UK’s electricity system could go carbon-negative from 2033, say National Grid

A combination of carbon capture technology and continued reliance on renewable forms of energy generation could result in the UK’s electricity grid becoming carbon neutral by 2033, according to the latest Future Energy Scenarios report from National Grid.

With investment in renewable energy generation growing, National Grid expects at least 3GW of new wind power capacity and 1.4GW of solar generation every year from now until 2050 as a result of the upsurge in projects.

It is also anticipated that the Electrical Vehicle (EV) market, set for a boom year in 2020 until Covid-19 put the brakes on, will play a big role moving forward with the potential for as many as 30 million EVs effectively acting as smart-charging “batteries” to help balance the electricity grid. For this to be realised, there needs to be a serious upgrade in vehicle to grid networks

Meanwhile, homeowners will play their part by consuming up to a third less electricity after switching from gas boiler central heating systems to heat pumps fitted with thermal batteries.

Mark Herring, head of strategy at National Grid ESO, said: “Across all scenarios, we see growth in renewable energy generation, including significant expansion in installed offshore wind capacity. There is widespread uptake in domestic electric vehicles, and growth and investment in hydrogen and carbon capture technologies too.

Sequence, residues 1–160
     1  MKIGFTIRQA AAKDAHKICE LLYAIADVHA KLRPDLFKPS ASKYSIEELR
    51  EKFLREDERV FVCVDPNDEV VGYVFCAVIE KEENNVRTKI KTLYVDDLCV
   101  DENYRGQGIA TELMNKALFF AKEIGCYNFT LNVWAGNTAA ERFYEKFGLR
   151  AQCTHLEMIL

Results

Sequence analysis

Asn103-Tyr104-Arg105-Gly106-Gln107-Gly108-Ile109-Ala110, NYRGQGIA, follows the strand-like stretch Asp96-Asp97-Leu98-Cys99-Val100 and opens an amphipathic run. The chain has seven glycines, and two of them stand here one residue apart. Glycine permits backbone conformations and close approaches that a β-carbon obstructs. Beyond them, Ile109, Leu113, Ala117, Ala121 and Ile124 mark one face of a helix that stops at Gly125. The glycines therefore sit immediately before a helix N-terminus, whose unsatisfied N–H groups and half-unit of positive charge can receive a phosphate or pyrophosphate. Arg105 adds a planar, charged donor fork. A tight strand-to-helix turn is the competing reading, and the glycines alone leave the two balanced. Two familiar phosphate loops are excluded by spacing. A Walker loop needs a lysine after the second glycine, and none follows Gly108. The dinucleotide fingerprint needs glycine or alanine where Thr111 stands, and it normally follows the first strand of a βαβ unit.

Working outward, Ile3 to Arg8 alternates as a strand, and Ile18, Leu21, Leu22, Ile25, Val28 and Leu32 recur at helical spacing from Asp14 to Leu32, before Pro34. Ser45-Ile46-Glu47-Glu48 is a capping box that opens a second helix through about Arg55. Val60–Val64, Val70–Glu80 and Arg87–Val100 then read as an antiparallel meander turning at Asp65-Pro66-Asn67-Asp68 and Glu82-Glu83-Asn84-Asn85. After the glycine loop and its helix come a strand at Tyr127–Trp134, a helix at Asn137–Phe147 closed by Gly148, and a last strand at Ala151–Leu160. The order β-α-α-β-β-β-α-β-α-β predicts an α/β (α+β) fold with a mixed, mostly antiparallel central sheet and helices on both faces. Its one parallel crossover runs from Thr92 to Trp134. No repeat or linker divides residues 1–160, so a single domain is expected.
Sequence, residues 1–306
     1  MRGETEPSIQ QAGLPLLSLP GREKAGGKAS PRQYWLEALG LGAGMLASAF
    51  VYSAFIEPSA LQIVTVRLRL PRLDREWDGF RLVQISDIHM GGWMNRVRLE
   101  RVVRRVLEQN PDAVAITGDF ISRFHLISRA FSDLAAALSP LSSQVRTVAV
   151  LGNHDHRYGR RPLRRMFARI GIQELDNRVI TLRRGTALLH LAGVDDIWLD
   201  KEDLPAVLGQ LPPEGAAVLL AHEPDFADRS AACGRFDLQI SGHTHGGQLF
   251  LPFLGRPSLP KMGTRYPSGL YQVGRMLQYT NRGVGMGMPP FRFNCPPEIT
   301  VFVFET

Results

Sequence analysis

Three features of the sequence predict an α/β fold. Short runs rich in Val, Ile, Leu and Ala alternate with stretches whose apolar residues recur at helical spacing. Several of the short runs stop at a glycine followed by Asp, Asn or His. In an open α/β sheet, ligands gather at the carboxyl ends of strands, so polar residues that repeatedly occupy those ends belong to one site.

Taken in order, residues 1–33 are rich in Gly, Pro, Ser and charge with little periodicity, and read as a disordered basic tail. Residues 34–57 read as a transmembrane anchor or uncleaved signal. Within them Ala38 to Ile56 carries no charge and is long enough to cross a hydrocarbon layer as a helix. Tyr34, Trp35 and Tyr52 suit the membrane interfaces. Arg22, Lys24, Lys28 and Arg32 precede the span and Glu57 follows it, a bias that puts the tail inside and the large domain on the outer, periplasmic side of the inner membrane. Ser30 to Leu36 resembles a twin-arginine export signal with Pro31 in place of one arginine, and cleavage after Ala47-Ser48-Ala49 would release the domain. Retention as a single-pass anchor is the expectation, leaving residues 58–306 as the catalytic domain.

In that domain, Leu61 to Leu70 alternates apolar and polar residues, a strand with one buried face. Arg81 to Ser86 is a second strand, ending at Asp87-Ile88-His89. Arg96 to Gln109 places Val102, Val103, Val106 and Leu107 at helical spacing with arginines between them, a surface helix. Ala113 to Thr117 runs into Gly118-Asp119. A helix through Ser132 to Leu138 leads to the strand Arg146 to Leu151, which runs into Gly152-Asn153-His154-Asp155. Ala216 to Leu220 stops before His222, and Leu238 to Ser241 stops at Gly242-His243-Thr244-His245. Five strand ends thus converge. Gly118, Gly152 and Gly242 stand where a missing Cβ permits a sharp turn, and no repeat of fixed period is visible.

“Although these are not firm predictions, we’ve talked to over 600 industry experts to build this insight and it’s clear while net-zero is achievable, there are significant changes ahead,” he added.

EV sales hit the breaks

We take a look at how the coronavirus is affecting the Electric Vehicle (EV) market

Until the coronavirus took hold, 2020 was shaping up to be a big year for sales of EVs and the development of EV charging infrastructure in the UK. But like a lot of best-laid plans, this is no longer the case and the number of charge points available to drivers of EVs remains at 340. These can be located via the website, Zap-Map.

In the 12 months prior to the pandemic, EV sales had jumped by 144% but they are now set to take a nosedive. Rather than move into the fast lane of the car world, sales of EVs are forecast to plummet by as much as 43% in 2020.

Nissan has taken the decision to halt production of EVs, aware that there won’t be the demand for them given the restrictions on travel and the insecure financial position many people find themselves in.

Tesla, the world’s highest-profile EV manufacturer, had targeted production of half-a-million EVs this year but due to the manufacturing slowdown and economic concerns, that looks highly ambitious.